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I have a large figure (> 50% of a page) and a large caption to describe it (also >50% of page). How do I put the caption on a separate page?

This is discussed in several forums, but apparently not on tex.stackexchange. Since I came up with a simple but functional hack, I thought I'd post it as an answer to this question along with links to more involved solutions like the experimental fltpage package.

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Why don't make a shorter caption and put the detail in the document body? –  I am who I say I am Apr 25 '12 at 17:04
1  
@Moderator I agree that if it's possible, it's best to keep the captions concise. However, in some cases the diagrams are quite detailed and they require extensive explanation. It's preferable to keep this explanation in a carefully identified region (the caption). –  Jess Riedel Apr 25 '12 at 17:09
    
@Jake I am using the \caption command but not the caption package. My figure is in a float. –  Jess Riedel Apr 25 '12 at 17:15
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@JessRiedel Nice hack, but not very useful. Normally in this situation the images(s) are on say even pages and the captions on the odd, i.e. when you open the book you need to be able to see both the image and the caption without turning the page. But please post your full solution + page image. –  Yiannis Lazarides Apr 25 '12 at 18:20
    
The »fltpage« package might be your friend here. –  Thorsten Donig Apr 25 '12 at 19:05
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3 Answers

up vote 4 down vote accepted

As Thorsten already mentioned, the fltpage package might be useful here:

\documentclass{article}
\usepackage[demo]{graphicx}
\usepackage[CaptionAfterwards]{fltpage}
\usepackage{lipsum}

\begin{document}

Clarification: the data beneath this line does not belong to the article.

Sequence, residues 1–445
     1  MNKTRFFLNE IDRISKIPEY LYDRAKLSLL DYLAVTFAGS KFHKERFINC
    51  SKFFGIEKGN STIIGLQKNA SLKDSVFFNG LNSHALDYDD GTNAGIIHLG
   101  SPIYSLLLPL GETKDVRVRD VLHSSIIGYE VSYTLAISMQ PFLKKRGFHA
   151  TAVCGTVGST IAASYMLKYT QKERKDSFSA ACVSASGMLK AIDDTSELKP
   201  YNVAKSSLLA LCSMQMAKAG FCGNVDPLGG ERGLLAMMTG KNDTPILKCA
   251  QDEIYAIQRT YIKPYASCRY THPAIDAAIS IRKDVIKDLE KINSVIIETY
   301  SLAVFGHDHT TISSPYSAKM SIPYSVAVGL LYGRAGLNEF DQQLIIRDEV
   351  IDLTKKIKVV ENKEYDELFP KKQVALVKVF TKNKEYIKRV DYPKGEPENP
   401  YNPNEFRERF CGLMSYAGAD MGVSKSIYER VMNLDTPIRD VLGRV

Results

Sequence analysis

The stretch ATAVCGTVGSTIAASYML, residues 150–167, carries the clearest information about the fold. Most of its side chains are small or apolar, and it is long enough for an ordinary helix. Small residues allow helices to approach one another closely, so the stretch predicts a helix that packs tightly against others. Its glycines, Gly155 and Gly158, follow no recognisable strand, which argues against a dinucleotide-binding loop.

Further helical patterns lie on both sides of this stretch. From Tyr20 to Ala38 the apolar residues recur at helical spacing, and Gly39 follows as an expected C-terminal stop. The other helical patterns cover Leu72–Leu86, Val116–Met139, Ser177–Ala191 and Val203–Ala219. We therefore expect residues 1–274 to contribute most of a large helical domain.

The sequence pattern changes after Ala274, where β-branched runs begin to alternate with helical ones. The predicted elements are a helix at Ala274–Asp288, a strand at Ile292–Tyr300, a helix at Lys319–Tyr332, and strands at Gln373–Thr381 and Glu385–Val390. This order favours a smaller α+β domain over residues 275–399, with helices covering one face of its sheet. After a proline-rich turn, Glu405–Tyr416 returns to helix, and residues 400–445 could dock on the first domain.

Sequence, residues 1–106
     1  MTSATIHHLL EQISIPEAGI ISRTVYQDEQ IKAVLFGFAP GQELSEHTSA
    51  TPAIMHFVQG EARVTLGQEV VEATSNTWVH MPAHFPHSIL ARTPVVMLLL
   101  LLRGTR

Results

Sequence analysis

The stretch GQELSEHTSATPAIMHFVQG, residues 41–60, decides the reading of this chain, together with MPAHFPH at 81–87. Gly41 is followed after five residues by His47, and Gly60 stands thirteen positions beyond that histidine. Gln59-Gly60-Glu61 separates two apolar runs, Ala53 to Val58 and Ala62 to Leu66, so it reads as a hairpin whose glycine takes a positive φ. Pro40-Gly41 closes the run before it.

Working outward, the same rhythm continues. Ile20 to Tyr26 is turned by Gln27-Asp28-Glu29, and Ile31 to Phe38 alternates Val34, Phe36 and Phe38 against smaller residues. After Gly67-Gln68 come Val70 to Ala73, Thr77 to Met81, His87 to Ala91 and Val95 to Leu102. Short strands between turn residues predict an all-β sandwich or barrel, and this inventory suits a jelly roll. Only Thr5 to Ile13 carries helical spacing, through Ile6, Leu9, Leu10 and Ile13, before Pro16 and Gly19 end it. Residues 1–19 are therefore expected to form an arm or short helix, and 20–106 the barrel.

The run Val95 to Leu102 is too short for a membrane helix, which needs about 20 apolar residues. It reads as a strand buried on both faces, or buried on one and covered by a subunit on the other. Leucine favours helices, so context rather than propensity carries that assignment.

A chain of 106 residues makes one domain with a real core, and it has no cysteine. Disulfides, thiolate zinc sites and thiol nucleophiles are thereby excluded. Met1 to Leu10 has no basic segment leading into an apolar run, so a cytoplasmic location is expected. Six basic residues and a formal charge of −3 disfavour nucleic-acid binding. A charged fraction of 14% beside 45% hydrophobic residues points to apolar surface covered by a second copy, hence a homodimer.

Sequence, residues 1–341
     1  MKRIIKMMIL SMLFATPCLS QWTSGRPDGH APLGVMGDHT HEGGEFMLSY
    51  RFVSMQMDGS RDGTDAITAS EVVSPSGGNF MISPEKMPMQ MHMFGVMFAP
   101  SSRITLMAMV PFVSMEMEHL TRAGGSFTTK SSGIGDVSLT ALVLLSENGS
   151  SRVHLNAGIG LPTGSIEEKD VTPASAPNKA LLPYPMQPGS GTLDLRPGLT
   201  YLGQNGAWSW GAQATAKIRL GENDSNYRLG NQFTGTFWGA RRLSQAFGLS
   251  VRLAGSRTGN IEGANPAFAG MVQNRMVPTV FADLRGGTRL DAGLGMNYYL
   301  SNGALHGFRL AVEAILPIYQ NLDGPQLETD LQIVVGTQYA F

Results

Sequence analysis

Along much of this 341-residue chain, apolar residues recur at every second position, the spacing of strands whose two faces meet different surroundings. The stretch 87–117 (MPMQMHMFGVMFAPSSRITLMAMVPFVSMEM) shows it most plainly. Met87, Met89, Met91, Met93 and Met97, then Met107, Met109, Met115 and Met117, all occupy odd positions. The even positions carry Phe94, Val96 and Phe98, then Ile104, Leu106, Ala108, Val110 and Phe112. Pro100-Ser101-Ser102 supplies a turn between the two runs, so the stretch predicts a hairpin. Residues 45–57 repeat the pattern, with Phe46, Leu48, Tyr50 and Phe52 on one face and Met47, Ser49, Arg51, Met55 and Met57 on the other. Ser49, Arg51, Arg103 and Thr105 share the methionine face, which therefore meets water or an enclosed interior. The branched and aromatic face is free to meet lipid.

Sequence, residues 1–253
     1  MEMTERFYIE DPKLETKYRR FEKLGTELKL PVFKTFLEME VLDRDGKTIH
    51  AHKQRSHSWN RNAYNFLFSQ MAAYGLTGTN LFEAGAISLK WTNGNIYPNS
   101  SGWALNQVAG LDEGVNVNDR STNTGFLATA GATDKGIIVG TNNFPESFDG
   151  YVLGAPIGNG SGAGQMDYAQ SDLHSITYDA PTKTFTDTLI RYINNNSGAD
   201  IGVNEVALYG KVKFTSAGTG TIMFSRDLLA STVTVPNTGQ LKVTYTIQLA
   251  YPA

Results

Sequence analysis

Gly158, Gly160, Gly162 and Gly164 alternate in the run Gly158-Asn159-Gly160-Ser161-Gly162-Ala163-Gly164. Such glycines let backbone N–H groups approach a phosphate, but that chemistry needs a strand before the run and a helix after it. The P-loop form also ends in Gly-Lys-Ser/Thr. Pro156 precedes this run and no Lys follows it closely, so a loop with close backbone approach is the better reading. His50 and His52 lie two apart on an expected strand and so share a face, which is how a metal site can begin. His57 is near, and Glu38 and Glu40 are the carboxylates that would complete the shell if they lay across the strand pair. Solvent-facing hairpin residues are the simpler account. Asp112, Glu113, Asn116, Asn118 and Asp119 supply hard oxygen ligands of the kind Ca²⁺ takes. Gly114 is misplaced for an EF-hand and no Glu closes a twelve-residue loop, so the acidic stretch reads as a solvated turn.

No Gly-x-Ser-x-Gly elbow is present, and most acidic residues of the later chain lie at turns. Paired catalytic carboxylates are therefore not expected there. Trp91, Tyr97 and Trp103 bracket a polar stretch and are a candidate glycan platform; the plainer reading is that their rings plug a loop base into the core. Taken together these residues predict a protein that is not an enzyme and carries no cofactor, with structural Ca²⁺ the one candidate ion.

\begin{FPfigure}
  \centering
  \includegraphics[width=\textwidth,height=\textheight]{figure.pdf}
  \caption{Caption goes here.}
  \label{figurelabel}
\end{FPfigure}
\lipsum
\end{document}

(Please note that currently the fltpage package does not work well with hyperref, at least if you don't use the caption package additionally.)

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I'm happy to accept this answer since many people may find it useful. Personally, the fltpage package (which is experimental) did not work for me after about an hour of tracking down one mysterious error after another. –  Jess Riedel May 14 '12 at 16:48
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The ccaption package provides continued captions via \contcaption:

enter image description here

\documentclass{article}
\usepackage{graphicx}% http://ctan.org/pkg/graphicx
\usepackage{lipsum}% http://ctan.org/pkg/lipsum
\usepackage{ccaption}% http://ctan.org/pkg/ccaption
\begin{document}
\section{A section}
\lipsum[1-10]
\begin{figure}[t]
  \centering
  \fbox{\includegraphics[height=.6\textheight]{tiger}}
  \caption{(Continued on the following page.)}% First caption
  \label{fig:tiger}
\end{figure}
\begin{figure}[t]
  \contcaption{\lipsum[1-2]}% Continued caption
\end{figure}
\lipsum[11-15]
\end{document}

It effective does what you suggest:

\addtocounter{\@captype}{\m@ne}% Add -1 to float counter
\refstepcounter{\@captype}% Step and mark float counter
% ...and the rest

Note though that continuous captions could cause problems when used in conjunction with hyperref.

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The easiest method I came up with is to break up the caption into a second figure and use the \addtocounter command to make sure the caption has the same figure number

\begin{figure} [b!]
  \centering 
  \includegraphics[width=\textwidth]{figure.pdf}
  \caption{(Caption next page.)}
  \label{figurelabel}
\end{figure}
\addtocounter{figure}{-1}
\begin{figure} [t!]
  \caption{(Previous page.) Caption goes here.}%missing
\end{figure}

Notes:

  • I included "(Caption next page.)" as the \caption{} attached to the actual figure and prefixed the true caption with "(Previous page.)".

  • I used the [b!] and [t!] options for figure and caption, respectively. This isn't necessary, but it makes sure they are as close as possible to each other within the document.

Drawbacks:

  • LaTeX will not automatically make sure that the caption is on the page immediately after the figure.

  • The caption will not be "reattached" to the figure if the caption is made short enough to fit on the same page (which would be nice LaTeX best practices).

  • As Yiannis Lazarides notes, the figures would ideally appear on odd pages and captions would appear after them on even pages, so you can always see both at the same time. This hack doesn't ensure that happens.

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